featured gallery for August 2016
FIELD RECORDINGS: Notes from the West
In the spirit of 2nd floor projects, an artist-run exhibition and publishing space I founded in 2007 in San Francisco, whose programming includes commissions to writers for limited edition publications (not the usual traditional essay intended to serve the work), I invite you the reader to spend time musing the following texts that hover in proximity, "cut-ups" if you will, in conversation with the visual works selected, a kind of surround sound within this exhibition.
In Loveland, only a few colors stain the crystal radiance of the skies, gray, pink, white, black; someone holds you for a few minutes, then lets you fall to the rocks, and nothing hurts, and you’re never betrayed. All your allegiances are to the holy. All the phones are tapped. If there’s someone younger than you in the nightclub he or she’s an enemy agent to whom you must show the marked road map and speak the secret words. Once you’ve made your way there, you never, never grow old. First he frightened me, then he made me come, then he amused me, then he left me, then he made me recall him.
—Kevin Killian, Bedrooms Have Windows, 1989
A little girl passes in front of an open door of the sacristy, where I am sitting, reading in the evening half-light, and seeing me she asks her mother "Is that a saint?"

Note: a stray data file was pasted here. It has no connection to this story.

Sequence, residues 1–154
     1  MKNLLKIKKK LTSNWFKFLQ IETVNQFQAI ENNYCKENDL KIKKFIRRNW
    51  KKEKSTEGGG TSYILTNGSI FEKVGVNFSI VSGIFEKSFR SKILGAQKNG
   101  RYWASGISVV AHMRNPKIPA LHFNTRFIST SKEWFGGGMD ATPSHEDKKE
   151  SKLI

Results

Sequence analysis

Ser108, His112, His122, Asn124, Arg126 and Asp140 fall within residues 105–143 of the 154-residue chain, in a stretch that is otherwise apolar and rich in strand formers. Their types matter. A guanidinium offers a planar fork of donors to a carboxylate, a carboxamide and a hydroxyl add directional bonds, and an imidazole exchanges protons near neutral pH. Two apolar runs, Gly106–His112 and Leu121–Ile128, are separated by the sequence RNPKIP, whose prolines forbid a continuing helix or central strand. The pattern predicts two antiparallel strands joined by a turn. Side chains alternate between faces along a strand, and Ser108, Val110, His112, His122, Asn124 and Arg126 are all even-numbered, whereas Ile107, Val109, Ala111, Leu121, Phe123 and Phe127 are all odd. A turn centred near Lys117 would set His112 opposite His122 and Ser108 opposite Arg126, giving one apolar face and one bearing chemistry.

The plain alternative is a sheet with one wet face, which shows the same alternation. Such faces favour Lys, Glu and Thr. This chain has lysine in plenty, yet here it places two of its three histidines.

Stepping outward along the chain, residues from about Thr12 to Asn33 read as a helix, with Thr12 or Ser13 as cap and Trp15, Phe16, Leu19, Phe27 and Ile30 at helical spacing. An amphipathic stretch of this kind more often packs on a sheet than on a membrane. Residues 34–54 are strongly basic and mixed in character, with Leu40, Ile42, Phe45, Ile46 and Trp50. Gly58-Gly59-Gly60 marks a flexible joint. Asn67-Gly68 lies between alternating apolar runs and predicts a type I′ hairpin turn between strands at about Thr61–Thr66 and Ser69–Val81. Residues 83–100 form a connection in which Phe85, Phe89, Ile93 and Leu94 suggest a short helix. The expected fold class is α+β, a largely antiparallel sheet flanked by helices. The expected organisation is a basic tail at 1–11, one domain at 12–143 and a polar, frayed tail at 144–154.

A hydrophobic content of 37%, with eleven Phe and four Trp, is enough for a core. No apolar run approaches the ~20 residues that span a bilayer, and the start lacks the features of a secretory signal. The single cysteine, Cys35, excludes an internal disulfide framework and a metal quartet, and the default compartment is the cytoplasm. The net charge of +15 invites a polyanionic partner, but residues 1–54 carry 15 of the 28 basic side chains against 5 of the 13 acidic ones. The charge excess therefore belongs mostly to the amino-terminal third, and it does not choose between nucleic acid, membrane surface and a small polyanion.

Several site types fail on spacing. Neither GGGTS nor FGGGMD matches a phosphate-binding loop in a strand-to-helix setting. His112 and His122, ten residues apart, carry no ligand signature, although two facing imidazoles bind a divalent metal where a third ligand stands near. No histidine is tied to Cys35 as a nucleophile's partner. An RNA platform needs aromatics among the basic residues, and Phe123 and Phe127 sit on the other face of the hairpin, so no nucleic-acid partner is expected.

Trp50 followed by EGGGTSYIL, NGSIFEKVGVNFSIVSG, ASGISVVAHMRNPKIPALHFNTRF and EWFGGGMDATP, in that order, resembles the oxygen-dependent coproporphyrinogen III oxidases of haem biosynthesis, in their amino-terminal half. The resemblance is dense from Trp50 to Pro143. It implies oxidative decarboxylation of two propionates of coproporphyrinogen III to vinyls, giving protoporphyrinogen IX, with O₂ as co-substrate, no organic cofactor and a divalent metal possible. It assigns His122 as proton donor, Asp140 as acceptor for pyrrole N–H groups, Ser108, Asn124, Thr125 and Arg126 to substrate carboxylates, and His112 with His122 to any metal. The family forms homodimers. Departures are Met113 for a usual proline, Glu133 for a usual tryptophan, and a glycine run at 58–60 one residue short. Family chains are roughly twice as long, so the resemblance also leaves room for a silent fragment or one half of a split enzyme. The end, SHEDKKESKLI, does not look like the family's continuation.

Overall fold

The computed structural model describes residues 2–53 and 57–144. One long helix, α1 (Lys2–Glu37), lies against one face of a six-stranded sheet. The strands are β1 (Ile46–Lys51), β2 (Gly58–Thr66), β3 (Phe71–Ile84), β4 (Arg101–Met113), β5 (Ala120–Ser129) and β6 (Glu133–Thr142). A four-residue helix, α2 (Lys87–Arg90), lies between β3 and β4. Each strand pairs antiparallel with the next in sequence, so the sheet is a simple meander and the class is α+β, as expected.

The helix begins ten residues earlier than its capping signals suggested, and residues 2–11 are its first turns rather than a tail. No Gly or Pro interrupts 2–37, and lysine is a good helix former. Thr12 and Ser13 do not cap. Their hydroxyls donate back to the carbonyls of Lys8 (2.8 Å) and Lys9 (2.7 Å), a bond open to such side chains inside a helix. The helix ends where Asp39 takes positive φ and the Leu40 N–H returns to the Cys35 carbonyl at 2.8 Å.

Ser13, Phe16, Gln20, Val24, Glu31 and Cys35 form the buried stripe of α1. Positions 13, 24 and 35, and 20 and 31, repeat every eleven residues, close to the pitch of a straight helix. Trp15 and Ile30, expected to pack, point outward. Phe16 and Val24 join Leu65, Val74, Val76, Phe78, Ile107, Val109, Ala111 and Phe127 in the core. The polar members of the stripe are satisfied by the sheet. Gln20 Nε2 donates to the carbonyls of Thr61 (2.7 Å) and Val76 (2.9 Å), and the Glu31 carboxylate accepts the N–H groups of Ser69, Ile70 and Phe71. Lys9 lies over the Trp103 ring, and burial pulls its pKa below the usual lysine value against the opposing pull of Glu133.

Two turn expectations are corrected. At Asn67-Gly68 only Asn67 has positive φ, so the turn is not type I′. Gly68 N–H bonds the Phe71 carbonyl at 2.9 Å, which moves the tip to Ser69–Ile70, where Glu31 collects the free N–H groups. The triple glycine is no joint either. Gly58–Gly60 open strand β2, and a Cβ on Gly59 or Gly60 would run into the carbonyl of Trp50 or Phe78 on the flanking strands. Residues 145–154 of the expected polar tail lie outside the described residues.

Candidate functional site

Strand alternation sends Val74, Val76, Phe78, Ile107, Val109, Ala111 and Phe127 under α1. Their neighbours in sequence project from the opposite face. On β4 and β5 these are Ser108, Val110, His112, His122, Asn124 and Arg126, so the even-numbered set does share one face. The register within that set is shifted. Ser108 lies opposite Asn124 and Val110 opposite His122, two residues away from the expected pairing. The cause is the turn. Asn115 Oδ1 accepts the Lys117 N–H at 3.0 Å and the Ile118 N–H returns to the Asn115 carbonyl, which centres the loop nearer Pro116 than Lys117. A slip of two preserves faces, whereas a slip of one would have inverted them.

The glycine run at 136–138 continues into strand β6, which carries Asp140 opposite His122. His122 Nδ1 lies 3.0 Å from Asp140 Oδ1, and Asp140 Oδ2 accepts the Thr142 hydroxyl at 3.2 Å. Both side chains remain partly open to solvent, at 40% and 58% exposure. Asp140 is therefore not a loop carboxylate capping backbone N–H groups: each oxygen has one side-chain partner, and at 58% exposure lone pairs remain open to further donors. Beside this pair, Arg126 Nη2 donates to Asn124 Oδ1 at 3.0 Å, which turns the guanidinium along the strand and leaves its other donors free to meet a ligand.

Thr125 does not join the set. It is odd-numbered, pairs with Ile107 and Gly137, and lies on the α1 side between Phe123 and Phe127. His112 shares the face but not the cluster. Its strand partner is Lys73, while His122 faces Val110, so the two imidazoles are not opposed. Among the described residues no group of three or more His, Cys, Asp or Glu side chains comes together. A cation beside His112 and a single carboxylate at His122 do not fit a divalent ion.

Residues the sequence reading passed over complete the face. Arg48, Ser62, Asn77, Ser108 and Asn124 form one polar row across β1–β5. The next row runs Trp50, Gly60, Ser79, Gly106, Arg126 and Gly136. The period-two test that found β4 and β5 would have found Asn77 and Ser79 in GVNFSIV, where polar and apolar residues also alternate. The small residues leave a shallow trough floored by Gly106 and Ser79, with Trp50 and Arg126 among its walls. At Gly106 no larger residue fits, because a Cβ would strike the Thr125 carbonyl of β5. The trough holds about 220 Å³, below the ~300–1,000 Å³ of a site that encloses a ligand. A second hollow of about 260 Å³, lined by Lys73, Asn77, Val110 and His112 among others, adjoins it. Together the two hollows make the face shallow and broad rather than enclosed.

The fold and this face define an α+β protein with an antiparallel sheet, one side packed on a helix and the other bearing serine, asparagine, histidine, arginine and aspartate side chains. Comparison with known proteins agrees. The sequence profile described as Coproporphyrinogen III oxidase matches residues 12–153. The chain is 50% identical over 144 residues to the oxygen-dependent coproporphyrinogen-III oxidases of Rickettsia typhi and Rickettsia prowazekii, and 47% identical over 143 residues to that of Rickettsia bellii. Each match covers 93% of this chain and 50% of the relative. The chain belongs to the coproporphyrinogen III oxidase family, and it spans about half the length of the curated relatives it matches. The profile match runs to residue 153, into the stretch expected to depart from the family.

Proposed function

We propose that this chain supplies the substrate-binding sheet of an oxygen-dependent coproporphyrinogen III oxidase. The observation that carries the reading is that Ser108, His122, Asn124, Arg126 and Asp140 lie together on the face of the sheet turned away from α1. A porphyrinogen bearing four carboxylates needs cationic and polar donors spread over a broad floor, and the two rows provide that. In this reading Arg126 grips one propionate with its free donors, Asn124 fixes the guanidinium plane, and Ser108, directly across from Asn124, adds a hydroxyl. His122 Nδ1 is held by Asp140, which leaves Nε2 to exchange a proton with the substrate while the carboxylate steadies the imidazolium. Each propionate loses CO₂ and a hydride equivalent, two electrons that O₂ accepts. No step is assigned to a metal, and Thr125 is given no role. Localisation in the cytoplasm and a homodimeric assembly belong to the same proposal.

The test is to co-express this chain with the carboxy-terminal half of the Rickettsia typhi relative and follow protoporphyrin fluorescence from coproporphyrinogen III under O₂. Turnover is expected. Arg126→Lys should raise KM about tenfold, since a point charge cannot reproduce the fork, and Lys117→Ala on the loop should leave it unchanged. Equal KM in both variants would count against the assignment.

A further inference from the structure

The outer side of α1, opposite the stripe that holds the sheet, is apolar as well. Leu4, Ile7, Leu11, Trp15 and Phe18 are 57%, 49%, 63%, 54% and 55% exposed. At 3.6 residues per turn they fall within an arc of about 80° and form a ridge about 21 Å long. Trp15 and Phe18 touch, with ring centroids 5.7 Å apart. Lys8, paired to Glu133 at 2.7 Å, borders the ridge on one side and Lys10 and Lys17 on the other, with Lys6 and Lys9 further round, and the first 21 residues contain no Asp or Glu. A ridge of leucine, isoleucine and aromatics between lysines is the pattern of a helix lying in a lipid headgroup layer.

—Hervé Guibert, The Mausoleum of Lovers: Journals 1976–1991 (English translation by Nathanaël, Nightboat Books, 2014)
I arrived in San Francisco in autumn 1988.
I took a job at La Mediterranee café in the Castro in what I then called the Bermuda Triangle (Noe/16th/Market streets) — Café Flore (Noe & Market); Josie's Cabaret and Juice Joint (16th Street); and La Mediterranee (Noe Street). People traversed between the places depending on their needs, all on parade. On any given day I could serve or run into on the street people such as Jerome Caja, Phranc, Holly Hughes, Tom Ammiano, Kate Bornstein, Connie Champagne, Marga Gomez, Joan Jett Blakk, Tim Miller, Mx Justin Vivian Bond, Nao Bustamante, Amy Scholder, Phillip Whalen, Lypsinka, John Kelly, Pomo Afro Homos, Sisters of Perpetual Indulgence, Eileen Myles, Ed Gilbert, and more... The Names Project AIDS Memorial Quilt was stitched together down on Market and all would lunch with us. A Different Light Bookstore was on Castro Street down from the movie theatre where some of the best queer writers gave readings.
Our café patrons were swallowed up in a now you see them, now you don't fashion. Disappeared. We were the "crying waitresses."
Coming from our rage, potent and palpable, in San Francisco, I traveled to Paris and witnessed another kind of tenor — uneducated and awkward, quiet, with friends dying in shame and no one present to grieve their loss and honor their legacy. It was an unfathomable contrast.